MIT Revives Wireless Power

A team of leading scientists from MIT’s Department of Electrical Engineering and Computer Science, Department of Physics, and Institute for Soldier Nanotechnologies have demonstrated a concept they call “WiTricity” (wireless electricity). In the photo to the left, we witness power being transferred across two coils over a distance of 2m, made clear by the presence of the gleaming 60W lightbulb on the right. The transfer of power was successful in spite of the fact that the team obstructed the direct line of site of the two coils. Although electromagnetic radiation is an alternative method of transmitting power wirelessly and has been around for a long time (i.e. radio waves), radiation diffuses in all directions and is thus not concentrated enough to be feasible for power transmission. Lasers would work, but can be dangerous and require direct line of sight between the power source and the device.
"In contrast, WiTricity is based on using coupled resonant objects. Two resonant objects of the same resonant frequency tend to exchange energy efficiently, while interacting weakly with extraneous off-resonant objects."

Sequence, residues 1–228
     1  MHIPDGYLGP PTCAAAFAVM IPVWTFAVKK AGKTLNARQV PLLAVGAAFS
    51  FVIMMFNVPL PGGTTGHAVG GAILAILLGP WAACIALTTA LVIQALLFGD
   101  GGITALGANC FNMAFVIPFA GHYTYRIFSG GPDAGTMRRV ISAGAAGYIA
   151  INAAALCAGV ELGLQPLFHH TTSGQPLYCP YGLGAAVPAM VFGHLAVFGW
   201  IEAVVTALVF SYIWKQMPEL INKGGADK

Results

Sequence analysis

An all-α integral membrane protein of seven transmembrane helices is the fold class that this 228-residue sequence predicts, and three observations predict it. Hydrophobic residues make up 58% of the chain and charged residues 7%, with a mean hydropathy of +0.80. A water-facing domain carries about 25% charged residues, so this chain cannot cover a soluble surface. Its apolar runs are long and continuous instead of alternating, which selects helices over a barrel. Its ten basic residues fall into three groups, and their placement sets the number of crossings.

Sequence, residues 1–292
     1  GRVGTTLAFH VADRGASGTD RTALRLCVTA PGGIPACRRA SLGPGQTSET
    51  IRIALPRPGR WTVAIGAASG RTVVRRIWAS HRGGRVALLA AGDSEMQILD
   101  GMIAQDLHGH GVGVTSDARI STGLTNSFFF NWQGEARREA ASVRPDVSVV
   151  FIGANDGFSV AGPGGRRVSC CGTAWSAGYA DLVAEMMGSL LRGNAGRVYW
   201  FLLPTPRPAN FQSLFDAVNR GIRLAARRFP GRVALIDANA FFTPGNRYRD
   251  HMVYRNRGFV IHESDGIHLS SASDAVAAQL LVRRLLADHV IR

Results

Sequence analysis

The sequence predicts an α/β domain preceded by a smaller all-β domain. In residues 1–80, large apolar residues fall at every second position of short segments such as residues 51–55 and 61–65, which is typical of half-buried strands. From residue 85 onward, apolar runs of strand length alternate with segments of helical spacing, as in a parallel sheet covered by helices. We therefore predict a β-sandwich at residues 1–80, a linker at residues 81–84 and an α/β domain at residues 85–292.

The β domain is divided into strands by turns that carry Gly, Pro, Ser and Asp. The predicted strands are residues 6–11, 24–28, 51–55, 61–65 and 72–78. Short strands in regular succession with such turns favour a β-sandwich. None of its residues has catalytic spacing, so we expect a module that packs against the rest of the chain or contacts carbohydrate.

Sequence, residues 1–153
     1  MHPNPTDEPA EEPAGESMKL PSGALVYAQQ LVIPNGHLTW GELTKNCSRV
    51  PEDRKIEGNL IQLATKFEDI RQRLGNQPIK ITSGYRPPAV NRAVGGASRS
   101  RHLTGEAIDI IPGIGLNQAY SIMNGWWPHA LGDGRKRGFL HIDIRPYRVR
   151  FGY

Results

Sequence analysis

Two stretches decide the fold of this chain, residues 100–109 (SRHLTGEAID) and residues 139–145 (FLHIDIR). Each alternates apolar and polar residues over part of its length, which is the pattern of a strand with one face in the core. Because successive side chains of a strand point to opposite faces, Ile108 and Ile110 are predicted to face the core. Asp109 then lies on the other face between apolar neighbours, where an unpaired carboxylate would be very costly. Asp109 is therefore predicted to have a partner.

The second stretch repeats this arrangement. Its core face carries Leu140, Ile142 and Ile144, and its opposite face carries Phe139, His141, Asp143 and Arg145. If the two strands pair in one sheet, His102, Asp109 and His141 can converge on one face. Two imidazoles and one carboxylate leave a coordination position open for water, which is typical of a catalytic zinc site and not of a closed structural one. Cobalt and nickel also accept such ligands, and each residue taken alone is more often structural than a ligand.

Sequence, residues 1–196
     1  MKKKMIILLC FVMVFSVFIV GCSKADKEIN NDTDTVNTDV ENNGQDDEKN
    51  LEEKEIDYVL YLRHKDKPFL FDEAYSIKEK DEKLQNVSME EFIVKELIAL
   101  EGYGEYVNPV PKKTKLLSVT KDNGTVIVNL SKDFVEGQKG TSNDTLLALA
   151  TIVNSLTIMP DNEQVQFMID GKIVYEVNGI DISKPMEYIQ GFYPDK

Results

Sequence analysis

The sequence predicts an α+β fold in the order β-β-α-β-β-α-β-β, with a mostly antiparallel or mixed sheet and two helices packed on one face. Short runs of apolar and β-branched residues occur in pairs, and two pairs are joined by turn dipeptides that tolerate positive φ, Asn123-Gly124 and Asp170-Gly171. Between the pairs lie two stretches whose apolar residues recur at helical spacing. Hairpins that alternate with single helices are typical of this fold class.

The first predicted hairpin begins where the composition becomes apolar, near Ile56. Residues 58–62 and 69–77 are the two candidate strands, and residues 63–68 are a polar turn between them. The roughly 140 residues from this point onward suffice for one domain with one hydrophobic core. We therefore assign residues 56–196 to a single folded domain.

"Imagine a room with 100 identical wine glasses, each filled with wine up to a different level, so they all have different resonant frequencies. If an opera singer sings a sufficiently loud single note inside the room, a glass of the corresponding frequency might accumulate sufficient energy to even explode, while not influencing the other glasses."
The team at MIT has compiled a basic design for their self-resonant system, which consists of two copper coils. The power source coil irradiates the environment with a magnetic field that oscillates at a specific frequency, which the receiving coil is attuned to. With laptop-sized coils, there would be more than enough power to run a laptop computer over room-sized distances, regardless of direction and shape of the surrounding space, and regardless of obstacles. WiTricity is certainly not a new concept. We are not talking about a revolutionary breakthrough or a world-changing invention. What we are talking about is a change in demand. With so many portable devices now in popular use –for instance the iPod, cell phones, MP3 players, laptops, mouses, and keyboards - revisiting WiTricity may not be a bad idea.